It affects around 2% of people in the UK. It can start at any age, but most often develops between the ages of 11 and 45.The severity of psoriasis varies greatly from person to person. For some people it is just a minor irritation, but for others it has a major impact on their quality of life.

The case study of Karen and Callum saw them both suffering from Psoriasis which is an inflammatory skin condition. The skin renews itself at an accelerated rate causing it to create swollen or scaly patches which can connect and spread over the whole body. It is very uncomfortable causing intense itchiness. Stress and throat infections can cause it but genetics also play a part being the cause of a third of Psoriasis cases. Four generations in Karen’s family have the condition. They both take medication for it and Callum even has regular visits to Great Ormond Street Hospital.

Karen and Callum continued taking their medication throughout their treatment designed by Lucy. Lucy put together an anti-inflammatory diet to avoid anything that might aggravate the condition. Omega 6 in fried foods aggravates inflammation of the skin by creating a rush of insulin so Karen and Callum avoided them. Instead they ate foods rich in Omega 3 such as oily fish, nuts and avocado. They also took a supplement of fish oil capsules in order for the Omega 3 to make a difference to their Psoriasis.

Karen and Callum followed the diet and it proved really successful with Callum’s dry patches clearing up completely. Karen’s raised patches of skin have flattened so they have both seen fantastic improvements. The fish oils seemed to make the biggest difference as improvements were visible almost immediately. Their skin is less itchy overall and Callum has even been discharged from Great Ormond Street Hospital.

Rheumatoid Arthritis. Rheumatoid arthritis is most common in older people, but it can affect people of any age. The Food Hospital looked at the case of Beth, she had had swollen joints since she was 14. Now 29, she has had to have both knees, both hips and an elbow replaced because of the damage the condition has done to her joints.

The Doctors carried out a physical examination of Beth which involved pressing joints and feeling for swelling and tenderness. Imaging and blood tests were also used to assess inflammation and joint damage. Her ESR level, which is a blood test indicating inflammation in the body, was very high. Beth was tested again after the 10-12 weeks to see what improvement could be seen.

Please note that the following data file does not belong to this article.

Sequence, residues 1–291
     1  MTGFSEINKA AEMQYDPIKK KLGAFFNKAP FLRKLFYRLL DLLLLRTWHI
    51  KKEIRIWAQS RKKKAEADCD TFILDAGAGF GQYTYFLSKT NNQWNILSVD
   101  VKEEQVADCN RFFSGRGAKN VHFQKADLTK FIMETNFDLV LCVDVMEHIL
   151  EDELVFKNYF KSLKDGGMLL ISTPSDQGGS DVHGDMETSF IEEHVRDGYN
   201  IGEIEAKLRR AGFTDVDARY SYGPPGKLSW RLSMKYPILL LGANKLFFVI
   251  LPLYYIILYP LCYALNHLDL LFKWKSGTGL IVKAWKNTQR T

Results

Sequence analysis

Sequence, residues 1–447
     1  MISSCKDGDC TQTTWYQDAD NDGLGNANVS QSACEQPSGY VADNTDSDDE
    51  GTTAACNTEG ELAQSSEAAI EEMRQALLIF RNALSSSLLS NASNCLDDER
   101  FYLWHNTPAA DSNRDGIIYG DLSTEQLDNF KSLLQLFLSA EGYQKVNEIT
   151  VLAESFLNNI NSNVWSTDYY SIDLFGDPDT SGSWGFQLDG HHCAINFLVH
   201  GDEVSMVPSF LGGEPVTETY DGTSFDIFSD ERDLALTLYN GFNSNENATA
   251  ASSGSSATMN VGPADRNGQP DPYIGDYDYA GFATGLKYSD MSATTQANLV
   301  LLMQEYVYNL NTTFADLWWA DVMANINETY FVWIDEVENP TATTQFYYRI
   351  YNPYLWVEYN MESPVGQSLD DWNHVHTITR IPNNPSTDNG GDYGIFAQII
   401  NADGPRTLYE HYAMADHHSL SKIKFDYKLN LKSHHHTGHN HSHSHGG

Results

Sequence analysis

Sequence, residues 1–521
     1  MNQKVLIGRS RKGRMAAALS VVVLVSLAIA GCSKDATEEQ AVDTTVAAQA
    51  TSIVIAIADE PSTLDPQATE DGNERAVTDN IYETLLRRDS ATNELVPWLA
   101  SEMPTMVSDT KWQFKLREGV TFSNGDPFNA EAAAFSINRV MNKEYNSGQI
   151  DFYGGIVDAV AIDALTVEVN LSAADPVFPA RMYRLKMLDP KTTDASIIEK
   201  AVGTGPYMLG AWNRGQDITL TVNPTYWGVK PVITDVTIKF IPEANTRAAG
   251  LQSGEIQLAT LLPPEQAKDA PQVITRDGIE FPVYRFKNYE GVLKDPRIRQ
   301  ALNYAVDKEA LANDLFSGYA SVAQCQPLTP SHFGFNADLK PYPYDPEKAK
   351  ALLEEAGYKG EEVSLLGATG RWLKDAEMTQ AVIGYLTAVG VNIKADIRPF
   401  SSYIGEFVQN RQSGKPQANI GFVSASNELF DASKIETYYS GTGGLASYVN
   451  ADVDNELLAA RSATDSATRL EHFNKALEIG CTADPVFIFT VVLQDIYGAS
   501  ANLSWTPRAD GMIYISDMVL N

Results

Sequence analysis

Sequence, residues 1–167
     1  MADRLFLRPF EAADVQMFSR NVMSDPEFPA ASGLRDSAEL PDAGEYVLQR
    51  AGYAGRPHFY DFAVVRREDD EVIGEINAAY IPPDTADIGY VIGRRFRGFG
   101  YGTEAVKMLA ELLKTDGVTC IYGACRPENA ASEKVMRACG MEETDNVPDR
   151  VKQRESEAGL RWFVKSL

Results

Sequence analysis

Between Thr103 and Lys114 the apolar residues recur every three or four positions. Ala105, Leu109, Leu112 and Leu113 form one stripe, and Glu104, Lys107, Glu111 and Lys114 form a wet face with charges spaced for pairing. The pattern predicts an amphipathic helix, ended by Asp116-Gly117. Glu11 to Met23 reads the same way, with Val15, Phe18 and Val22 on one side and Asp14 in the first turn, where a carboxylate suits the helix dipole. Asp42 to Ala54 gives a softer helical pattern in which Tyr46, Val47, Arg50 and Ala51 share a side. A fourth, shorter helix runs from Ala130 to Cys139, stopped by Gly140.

The Food Hospital introduced Beth to an anti-inflammatory diet with fish oil supplements (omega-3). Omega-3 acts as an anti-inflammatory and has been shown to reduce the symptoms of rheumatoid arthritis. The diet, which Beth was advised to follow for 10-12 weeks, would also promote weight loss. Beth was overweight, which puts more strain on the affected joints and is also a contributing factor to inflammation.

Beth lost weight on the diet, as well as introducing omega 3 supplements, which combined has helped her ESR level drop within normal range.

There is also some evidence that following a vegan diet and eliminating all animal and dairy products can improve symptoms but more research needs to be done. (Read diet: the only real hope for arthritis).


For more information on other conditions, why not take a look at “The Food Hospital” website? It’s packed full of good information for all ages.



My name is Caroline Sutton and I'm a wife and mother of 3 children, passionate about food, keeping me and my family healthy, gorgeous interiors and shopping! I have a degree in Biochemistry and Pharmacology and continue to be interested in the science behind diet and drugs. I also have a Diploma and City and Guilds in Interior Design and for the last 17 years have run a property company which develops, redevelops and manages rental properties: Sunlight Properties Ltd.